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Can I receive college credit for criminal justice work I have already completed?

Criminal justice involves the enforcement of laws and maintenance of social order and the prevention and punishment of crimes. The three parts of the field typically include legislation, adjudication, and corrections. Degrees in criminal justice involve instruction in criminology, law enforcement, crime scene management, terrorism, and ethics in criminal justice. A wide range of colleges and universities offer criminal justice degrees at the associate, bachelor’s, and master’s degree levels and some offer certification programs in specialty areas. Many students thinking of pursuing a criminal justice degree or continuing education opportunities wonder if credit is granted for previous academic and professional experiences. A lot of criminal justice programs award credit for a variety of experiences such as standardized tests, previously completed courses, military experience, and previous work experience. Many schools call these credits prior learning credits and each institution sets a maximum depending on degree level. Various institutions require students to submit portfolios that highlight their prior learning experiences.

Standardized Examination Programs 
Many criminal justice programs award credit for standardized examinations, such as the College Level Examination Program (CLEP) and the DANTES Subject Standardized Tests (DSST). The CLEP is a collection of tests that evaluate knowledge at the college level of various subjects, such as business, science and mathematics, foreign languages, composition and literature, and history and social sciences. Schools typically grant credit to students who score at least a 50 on the examination. The DSST is an examination that was started by the U.S. Department of Defense. It involves a series of 38 exams in subject areas that are similar to final examinations in college level courses. The CLEP is typically used for lower level credit, while the DSST is used for both lower and upper level credit.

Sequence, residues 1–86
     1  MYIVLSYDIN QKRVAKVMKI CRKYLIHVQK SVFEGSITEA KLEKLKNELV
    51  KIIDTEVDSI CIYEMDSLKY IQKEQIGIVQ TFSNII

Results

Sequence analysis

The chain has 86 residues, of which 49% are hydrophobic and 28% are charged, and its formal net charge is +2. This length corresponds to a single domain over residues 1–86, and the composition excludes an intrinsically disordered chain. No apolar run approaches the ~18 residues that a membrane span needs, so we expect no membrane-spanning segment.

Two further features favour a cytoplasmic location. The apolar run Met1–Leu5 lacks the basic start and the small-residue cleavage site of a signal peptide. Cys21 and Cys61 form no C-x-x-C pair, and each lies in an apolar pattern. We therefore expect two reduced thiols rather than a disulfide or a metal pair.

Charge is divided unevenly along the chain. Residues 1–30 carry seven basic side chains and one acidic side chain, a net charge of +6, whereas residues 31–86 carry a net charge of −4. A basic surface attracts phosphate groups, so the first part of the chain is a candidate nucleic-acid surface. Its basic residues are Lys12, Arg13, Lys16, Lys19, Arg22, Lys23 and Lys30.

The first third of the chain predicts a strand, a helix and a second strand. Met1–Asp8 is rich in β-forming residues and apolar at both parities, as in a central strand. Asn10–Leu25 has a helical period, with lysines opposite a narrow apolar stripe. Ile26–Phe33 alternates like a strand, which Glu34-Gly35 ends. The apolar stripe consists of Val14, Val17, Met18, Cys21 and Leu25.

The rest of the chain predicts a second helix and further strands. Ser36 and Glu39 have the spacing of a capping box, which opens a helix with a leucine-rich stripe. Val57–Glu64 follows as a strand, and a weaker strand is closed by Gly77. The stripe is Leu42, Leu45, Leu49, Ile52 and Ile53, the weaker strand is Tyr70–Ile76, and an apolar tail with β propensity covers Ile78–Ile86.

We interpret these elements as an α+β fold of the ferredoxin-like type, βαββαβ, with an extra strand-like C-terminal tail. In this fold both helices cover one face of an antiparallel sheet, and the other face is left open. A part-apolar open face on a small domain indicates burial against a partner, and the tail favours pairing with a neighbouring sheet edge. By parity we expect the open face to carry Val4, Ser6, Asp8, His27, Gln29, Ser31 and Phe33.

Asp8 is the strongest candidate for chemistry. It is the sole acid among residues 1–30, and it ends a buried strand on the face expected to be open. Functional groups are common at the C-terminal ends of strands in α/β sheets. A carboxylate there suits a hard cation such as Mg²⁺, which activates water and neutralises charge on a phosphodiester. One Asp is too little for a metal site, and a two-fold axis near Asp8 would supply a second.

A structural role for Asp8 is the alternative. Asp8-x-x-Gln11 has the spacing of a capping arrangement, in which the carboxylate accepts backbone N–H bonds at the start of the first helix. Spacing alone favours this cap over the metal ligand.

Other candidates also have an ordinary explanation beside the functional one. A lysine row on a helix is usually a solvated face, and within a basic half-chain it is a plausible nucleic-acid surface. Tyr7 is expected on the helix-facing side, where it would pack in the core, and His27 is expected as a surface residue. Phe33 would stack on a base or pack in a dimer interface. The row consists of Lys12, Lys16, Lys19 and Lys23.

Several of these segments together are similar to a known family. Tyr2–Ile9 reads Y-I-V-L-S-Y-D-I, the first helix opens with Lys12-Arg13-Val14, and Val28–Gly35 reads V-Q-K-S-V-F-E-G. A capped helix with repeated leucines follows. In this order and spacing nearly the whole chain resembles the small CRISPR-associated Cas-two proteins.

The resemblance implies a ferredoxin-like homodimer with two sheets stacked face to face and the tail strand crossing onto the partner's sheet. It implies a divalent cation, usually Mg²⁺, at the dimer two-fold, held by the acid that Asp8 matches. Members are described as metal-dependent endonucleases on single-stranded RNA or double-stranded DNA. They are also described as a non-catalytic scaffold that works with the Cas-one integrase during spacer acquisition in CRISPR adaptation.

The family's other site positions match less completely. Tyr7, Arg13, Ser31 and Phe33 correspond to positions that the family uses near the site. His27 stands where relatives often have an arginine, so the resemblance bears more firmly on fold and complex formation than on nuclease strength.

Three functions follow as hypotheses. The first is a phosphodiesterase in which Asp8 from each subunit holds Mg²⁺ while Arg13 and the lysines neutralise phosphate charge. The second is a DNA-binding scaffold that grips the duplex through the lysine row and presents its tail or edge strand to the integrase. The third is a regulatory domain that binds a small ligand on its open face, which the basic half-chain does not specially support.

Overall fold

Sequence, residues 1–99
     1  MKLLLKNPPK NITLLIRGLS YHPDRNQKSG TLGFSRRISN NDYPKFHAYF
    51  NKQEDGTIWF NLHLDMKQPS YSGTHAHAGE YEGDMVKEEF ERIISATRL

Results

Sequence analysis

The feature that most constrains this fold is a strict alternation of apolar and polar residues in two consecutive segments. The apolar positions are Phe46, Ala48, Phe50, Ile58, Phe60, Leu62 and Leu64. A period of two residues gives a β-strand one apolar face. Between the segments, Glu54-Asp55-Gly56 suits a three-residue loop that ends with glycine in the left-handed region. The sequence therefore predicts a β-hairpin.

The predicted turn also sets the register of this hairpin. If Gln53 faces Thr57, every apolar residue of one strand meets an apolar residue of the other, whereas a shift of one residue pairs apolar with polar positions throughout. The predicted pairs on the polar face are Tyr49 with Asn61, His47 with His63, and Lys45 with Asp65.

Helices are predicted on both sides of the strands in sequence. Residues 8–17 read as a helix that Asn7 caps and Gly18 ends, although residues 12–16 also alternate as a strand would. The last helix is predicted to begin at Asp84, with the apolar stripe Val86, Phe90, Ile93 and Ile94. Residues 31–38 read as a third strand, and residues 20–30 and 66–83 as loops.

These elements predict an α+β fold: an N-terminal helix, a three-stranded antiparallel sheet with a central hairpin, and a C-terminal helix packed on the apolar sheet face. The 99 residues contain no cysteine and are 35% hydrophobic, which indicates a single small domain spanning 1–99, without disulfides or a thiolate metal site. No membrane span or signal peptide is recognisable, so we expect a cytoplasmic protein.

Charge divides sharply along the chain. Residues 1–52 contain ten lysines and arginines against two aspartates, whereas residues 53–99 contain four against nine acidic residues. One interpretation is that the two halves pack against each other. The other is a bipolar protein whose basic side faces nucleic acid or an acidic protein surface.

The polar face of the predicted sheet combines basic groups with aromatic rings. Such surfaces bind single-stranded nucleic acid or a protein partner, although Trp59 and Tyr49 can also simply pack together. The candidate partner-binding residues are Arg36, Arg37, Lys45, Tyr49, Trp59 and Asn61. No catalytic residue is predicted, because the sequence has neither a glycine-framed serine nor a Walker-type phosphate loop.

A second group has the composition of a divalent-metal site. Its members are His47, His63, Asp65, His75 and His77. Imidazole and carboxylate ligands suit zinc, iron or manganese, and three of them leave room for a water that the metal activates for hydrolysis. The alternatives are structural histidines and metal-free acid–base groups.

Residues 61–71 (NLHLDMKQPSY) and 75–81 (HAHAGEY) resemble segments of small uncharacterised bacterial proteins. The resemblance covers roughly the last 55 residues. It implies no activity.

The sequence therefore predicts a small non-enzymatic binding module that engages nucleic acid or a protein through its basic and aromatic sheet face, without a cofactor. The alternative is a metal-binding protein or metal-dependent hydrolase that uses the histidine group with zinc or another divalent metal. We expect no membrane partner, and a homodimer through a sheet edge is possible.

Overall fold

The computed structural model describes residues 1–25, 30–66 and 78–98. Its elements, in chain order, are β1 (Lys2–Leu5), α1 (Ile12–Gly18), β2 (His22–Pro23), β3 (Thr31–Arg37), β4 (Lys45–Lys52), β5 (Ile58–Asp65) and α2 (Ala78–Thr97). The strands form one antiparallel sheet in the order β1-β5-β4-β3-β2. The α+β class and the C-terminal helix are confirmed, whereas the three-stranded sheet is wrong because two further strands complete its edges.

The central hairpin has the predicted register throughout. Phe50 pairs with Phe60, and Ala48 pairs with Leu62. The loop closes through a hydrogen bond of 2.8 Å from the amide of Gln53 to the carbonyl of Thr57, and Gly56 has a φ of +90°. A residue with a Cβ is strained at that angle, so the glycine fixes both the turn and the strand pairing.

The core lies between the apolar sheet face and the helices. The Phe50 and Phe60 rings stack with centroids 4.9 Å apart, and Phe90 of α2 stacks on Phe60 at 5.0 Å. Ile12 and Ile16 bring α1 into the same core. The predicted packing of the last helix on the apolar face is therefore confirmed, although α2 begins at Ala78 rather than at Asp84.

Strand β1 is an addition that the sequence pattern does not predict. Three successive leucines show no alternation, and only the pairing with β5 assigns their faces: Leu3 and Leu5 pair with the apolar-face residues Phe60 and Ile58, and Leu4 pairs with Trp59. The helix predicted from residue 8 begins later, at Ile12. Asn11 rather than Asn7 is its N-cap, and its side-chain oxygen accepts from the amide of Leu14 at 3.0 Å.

Previously Completed Courses
A lot of criminal justice degree programs grant credit for courses completed at another institution of higher learning. They award credit for general education courses, such as mathematics, history, English, and science. Receiving credit for specific criminal justice courses is usually more selective and many institutions only grant credit for classes equivalent to their course offerings. Some programs require students to submit course descriptions, course syllabi, and examples of completed work.

Prior Military Experience
Students with military experience may receive credit in criminal justice programs. Examples of eligible experiences include basic training, active duty in the armed forces, Official documentation for military experiences is required such as copies of specialized transcripts and military forms signed by commanding officers. Military credit is commonly treated like coursework completed at the community college level.

Previous Work Experience
Students who have experience working in the criminal justice field can commonly receive credit for those experiences. The maximum amount of credit hours varies by school and many programs grant elective credits for work-related experiences. In general, schools will not apply the credits toward the last 30 credits of the program. Many schools grant credit for work experience only to individuals who have not earned a bachelor’s degree or higher.

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